There are few places on earth where the achievements and aspirations of antiquity are more awesomely visible than in the Nile Valley of Egypt, where the monuments of Pharaonic civilization form a direct link with the origins of the Egyptian nation 50 centuries ago.
Unfortunately, shockingly, those monuments are eroding. Tombs, temples, hieroglyphs and inscriptions that have survived conquest, vandalism, extremes of climate and the replacement -- first by Christianity and then by Islam -- of the faith they symbolized are crumbling and flaking before the onslaught of groundwater, air pollution, technology and the feet of tourists.
Both aspects of Egypt's ancient heritage are effectively explored in "Egypt: Quest for Eternity," a National Geographic special at 8 tonight on Channel 26.
In the best National Geographic tradition, this documentary combines imaginative color photography and lucid, relatively restrained text to provide a useful introduction to the religion and art of ancient Egypt and to the current efforts of American archeologists to preserve them.
At Luxor, site of ancient Thebes, the epigraphic survey of the University of Chicago has been at work for nearly 60 years at the painstaking task of making facsimile -- three-dimensional drawings of the inscriptions and pictures on the great temples. These are, says narrator Richard Basehart, "the only record that will remain when the hieroglyphs and decorations have disappeared forever."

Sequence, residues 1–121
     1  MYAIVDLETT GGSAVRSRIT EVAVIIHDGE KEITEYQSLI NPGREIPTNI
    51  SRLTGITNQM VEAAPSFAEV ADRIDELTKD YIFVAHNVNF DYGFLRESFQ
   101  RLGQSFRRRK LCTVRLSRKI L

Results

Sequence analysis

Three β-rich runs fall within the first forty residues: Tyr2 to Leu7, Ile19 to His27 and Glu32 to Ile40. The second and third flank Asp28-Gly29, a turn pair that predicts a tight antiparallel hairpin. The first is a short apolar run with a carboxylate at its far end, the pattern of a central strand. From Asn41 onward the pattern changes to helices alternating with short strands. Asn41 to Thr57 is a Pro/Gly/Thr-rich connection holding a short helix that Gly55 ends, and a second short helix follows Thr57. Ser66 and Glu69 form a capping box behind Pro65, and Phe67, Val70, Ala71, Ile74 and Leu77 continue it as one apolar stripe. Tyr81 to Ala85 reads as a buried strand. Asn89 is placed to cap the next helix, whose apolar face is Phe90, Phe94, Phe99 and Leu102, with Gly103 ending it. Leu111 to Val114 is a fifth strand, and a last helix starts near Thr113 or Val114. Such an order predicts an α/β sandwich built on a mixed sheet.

Another team, from the University of California, is shown using aerial photography and computer data to create the first comprehensive map of the necropolis of the west valley, across the Nile from Luxor. These are labors of love as well as scholarship, and photographer-director Norris Brock has captured their scope by taking cameras to sites never before accessible to television.
The most dramatic film shows the dismantling of the great temples at Abu Simbel by workmen racing the rising waters of Lake Nasser, behind the Aswan Dam, and their reassembly on higher ground. But that is an old story; what is new is the careful reporting on the erosion of the drawings and inscriptions and the apparent certainty that they will soon vanish into history.
The strongest point of writer-producer Miriam Birch's script is its lucid if cursory explanation of the religion of ancient Egypt. The artifacts of Tutankhamen's tomb and the monuments built by Ramses II are part of a coherent culture in which religion and state power intertwined, a culture to which this documentary offers a useful introduction.
If the program has a failing, it is in the few sanitized glimpses of contemporary Egypt. While it was not the purpose of this program to depict the problems of health, nutrition and housing that beset Egypt today, it was not necessary to gloss over them entirely. Anyone who has visited the pyramids, for example, will know it is misleading to show them without the crowd of hawkers, tour guides, vendors and beggars who besiege the unwary tourists.